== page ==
RSS welcomes new report into
mobile phone use while driving


Road Safety Support has welcomed the new report by the Transport Committee which has called for tougher restrictions on driving while using a mobile phone and stricter enforcement of the law. 

In Road Safety: driving while using a mobile phone, the Committee says the evidence is clear: using a mobile phone while driving is dangerous, with potentially catastrophic consequences.

MPs have called on Government to overhaul current laws on using hand-held mobile devices while driving, to cover use irrespective of whether this involves sending or receiving data.

As evidence shows that using a hands-free device creates the same risks of crashing, the Committee also recommends that Government explores options for extending the ban on hand-held devices to hands-free phones.

In 2017, there were 773 casualties, including 43 deaths and 135 serious injuries, in collisions where a driver using a mobile phone was a contributory factor. The number of people killed or seriously injured has risen steadily since 2011.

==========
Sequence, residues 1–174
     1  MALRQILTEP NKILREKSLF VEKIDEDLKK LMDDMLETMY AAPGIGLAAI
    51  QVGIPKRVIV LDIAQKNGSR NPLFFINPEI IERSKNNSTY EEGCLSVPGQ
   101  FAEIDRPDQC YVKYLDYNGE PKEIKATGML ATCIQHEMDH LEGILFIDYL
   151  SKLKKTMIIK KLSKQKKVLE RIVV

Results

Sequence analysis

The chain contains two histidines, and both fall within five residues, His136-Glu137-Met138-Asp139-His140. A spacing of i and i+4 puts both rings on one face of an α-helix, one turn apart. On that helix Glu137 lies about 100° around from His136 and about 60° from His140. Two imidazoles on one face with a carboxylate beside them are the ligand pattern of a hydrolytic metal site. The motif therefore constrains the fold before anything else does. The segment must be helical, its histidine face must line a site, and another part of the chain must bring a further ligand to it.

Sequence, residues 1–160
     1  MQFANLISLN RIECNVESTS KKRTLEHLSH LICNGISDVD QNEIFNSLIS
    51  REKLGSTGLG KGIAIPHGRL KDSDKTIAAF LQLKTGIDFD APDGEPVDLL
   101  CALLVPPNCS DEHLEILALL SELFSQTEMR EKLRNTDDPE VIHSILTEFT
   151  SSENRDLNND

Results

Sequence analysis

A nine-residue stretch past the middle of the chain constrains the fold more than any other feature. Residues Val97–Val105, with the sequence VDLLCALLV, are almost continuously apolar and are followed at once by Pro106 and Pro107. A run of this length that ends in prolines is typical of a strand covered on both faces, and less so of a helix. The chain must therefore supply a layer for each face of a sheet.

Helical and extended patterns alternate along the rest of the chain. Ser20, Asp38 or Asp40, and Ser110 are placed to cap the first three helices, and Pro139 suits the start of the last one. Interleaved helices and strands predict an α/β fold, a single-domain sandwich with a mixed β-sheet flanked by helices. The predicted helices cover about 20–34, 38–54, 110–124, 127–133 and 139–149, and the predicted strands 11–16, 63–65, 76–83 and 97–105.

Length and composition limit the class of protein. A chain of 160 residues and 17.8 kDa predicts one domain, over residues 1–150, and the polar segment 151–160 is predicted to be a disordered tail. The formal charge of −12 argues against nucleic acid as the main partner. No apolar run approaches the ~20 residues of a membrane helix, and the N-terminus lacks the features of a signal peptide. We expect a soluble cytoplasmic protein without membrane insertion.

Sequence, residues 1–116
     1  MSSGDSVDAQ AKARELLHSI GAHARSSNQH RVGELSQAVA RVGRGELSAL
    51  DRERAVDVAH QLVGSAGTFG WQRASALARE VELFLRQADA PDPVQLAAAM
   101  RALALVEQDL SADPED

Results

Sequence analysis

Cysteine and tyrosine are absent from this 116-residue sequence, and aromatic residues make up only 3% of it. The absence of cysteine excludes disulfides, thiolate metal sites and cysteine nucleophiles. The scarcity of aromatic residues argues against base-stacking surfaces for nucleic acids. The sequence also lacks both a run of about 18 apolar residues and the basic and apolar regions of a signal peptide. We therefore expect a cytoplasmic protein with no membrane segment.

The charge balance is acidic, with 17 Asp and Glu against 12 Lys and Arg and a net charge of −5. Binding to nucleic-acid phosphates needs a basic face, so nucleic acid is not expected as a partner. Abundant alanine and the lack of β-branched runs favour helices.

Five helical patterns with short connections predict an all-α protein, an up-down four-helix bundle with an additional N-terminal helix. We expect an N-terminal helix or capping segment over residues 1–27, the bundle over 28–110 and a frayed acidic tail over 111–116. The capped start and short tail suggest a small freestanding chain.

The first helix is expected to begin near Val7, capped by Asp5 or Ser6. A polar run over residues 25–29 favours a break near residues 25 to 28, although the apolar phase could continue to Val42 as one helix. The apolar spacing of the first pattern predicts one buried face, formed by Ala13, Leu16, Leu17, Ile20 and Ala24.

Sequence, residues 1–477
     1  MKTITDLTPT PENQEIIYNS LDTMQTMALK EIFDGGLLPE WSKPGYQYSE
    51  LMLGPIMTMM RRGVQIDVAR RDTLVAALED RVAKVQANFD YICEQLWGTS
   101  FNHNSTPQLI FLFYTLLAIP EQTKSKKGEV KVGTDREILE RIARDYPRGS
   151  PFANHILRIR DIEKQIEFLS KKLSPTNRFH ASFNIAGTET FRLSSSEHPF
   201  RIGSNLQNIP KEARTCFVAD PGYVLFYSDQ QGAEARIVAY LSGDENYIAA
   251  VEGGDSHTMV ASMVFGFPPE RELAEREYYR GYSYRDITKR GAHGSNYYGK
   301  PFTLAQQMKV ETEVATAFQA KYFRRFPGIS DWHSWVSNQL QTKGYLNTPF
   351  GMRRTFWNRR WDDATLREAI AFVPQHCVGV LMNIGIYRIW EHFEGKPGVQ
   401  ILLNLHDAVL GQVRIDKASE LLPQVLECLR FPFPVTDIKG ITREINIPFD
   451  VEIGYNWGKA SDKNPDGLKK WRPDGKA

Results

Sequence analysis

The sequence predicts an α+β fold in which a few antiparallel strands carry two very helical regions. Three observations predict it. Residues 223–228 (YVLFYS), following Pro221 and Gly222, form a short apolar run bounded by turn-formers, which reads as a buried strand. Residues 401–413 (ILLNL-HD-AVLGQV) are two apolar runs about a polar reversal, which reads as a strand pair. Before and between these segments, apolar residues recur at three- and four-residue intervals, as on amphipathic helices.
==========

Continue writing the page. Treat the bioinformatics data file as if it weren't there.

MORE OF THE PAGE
The report states that the rate of enforcement has plunged by more than two thirds since 2011. Enforcing the law is essential to ensuring that motorists do not illegally use their mobile phone while driving.

While the Committee welcomes the Government’s review of roads policing and traffic enforcement, the report calls on the Government to work with police to boost enforcement and make better use of technology.

The penalties for using a hand-held mobile phone while driving were increased in 2017 but still do not appear to be commensurate with the risk created and should be reviewed and potentially increased so that it is clear there are serious consequences to being caught, says the report.

Andrew Perry, Road Traffic Solicitor, of Road Safety Support said: “Road Safety Support is pleased to note that the Transport Committee is looking again at the dangers of mobile phone use by drivers, following the recent ruling in DPP v Barreto.

“In our view, having to determine which function was in use has rendered the current offence all but unenforceable, without stopping vehicles and interviewing drivers.

“There seems to us to be no logical distinction, based on road safety concerns, between using a hand-held phone as a camera or dictaphone, and using it to send text messages, make calls or access the internet. All are dangerous distractions.

“Going further and including hands-free use within the offence, whilst it can be readily justified on safety grounds, may potentially make the offence even harder to detect and prove, and risks bringing the law further into disrepute, if proof of function remains the test.

“Our members can be assured we will be contacting the committee and offering our assistance.” 

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